“Beyond the standard ruminations about American decline and warnings about the threat the deficit poses to national security that accompany nearly every deficit discussion in Washington, committee members spent much of the meeting discussing employment in the context of deficit reduction. Republicans insisted that bringing down the deficit would itself pave the way for job growth, while Democrats argued that a short-term jobs agenda needs to be part of a deficit-reduction plan in order to bring in more revenue in the future.
“‘We can’t fix our budget without fixing jobs, and we can’t fix jobs without fixing our budget,’ Sen. John Kerry, D-Mass., said, summarizing the dilemma others acknowledged.”
To listen to a broader range of the remarks yesterday from Sen. Kerry just click here (MP3- 1:52).
In addition, a portion of comments from yesterday’s hearing by Senate Finance Committee Chairman Max Baucus (D-Mont.) can be heard here (MP3- 2:33); and, Sen. Jon Kyl of Arizona, the GOP Whip- the second highest position in Senate Republican leadership, used a portion of his comments from yesterdays to explain the time constraints under which the supercommittee will have to complete its work, related audio here (MP3- 2:07).
Meanwhile, in a parallel development regarding the deficit and jobs, President Barack Obama indicated last night that, “This is the American Jobs Act. It will lead to new jobs for construction workers, for teachers, for veterans, for first responders, young people and the long-term unemployed. It will provide tax credits to companies that hire new workers, tax relief to small business owners, and tax cuts for the middle class. And here’s the other thing I want the American people to know: The American Jobs Act will not add to the deficit. It will be paid for. And here’s how.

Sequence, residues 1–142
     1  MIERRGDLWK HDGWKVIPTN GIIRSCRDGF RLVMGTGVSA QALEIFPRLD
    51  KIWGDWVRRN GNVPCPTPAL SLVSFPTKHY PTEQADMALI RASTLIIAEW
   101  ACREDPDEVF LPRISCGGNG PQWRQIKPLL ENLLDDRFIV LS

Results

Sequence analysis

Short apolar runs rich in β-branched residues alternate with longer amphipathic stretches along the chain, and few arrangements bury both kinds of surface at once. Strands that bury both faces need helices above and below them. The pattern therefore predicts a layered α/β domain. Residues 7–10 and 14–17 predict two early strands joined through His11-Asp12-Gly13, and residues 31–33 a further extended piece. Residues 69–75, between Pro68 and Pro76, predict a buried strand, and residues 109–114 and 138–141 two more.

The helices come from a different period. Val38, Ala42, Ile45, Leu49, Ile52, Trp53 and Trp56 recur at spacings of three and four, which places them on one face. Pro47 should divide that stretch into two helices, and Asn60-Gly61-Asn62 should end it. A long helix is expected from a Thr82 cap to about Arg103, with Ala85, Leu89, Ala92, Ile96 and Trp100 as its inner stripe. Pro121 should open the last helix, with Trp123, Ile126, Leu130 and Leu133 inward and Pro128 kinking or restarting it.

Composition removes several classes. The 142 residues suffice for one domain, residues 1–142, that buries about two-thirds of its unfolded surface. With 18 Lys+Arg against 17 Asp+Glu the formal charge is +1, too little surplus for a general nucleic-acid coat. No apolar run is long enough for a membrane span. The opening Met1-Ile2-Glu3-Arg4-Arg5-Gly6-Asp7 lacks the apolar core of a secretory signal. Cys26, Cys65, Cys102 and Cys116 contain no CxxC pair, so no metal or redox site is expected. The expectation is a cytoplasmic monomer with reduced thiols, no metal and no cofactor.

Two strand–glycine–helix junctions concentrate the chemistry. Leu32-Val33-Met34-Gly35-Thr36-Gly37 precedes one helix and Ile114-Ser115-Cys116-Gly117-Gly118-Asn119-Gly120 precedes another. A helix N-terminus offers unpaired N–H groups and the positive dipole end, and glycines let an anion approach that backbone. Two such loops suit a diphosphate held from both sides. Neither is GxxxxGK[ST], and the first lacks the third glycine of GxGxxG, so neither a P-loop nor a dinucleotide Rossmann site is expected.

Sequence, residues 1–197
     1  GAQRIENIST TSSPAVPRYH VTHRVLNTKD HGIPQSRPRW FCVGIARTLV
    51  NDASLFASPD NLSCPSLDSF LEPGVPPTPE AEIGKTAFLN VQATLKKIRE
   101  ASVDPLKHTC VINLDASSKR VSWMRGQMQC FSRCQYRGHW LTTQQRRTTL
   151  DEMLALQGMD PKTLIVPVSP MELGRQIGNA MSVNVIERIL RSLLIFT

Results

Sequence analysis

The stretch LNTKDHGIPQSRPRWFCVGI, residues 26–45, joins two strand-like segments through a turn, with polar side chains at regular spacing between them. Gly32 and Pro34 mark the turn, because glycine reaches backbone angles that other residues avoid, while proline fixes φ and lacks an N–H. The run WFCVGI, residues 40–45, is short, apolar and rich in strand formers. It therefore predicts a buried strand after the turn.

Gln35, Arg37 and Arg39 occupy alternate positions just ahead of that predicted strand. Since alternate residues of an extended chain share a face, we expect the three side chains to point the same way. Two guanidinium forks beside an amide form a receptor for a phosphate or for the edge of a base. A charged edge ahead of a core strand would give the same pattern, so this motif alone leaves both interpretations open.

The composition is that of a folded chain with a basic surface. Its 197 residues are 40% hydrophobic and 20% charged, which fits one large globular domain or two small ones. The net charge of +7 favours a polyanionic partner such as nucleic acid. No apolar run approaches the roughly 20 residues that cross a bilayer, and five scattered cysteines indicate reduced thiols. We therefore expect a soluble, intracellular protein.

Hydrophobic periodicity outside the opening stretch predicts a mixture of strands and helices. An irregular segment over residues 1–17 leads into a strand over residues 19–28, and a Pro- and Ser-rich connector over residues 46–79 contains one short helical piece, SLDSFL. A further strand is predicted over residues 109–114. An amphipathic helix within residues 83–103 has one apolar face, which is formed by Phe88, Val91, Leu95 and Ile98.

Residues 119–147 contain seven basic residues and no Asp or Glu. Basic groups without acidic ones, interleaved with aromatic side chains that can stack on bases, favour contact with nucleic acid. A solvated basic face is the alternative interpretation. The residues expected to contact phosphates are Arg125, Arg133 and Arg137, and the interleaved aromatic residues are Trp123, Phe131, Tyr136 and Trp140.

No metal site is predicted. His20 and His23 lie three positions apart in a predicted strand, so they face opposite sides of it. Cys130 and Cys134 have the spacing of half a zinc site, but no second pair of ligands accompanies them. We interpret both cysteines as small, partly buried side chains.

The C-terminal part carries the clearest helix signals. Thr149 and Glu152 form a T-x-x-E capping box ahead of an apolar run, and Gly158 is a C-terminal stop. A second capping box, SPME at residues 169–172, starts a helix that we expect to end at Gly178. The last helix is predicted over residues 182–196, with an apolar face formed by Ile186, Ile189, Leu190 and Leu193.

“The agreement we passed in July will cut government spending by about $1 trillion over the next 10 years. It also charges this Congress to come up with an additional $1.5 trillion in savings by Christmas. Tonight, I am asking you to increase that amount so that it covers the full cost of the American Jobs Act. And a week from Monday, I’ll be releasing a more ambitious deficit plan — a plan that will not only cover the cost of this jobs bill, but stabilize our debt in the long run.”
Russell Berman reported last night at The Hill Online that, “The Republican co-chairman of the congressional ‘supercommittee’ on deficit reduction sharply criticized President Obama’s call for the panel to find additional budget savings to pay for his $447 billion jobs plan.
“‘By asking the Joint Select Committee to increase the $1.5 trillion target to cover the full cost of his plan, the president is essentially tasking a committee designed to reduce the deficit to pay for yet another round of stimulus,’ Rep. Jeb Hensarling (R-Tex.) said in a statement after the president’s speech to Congress.”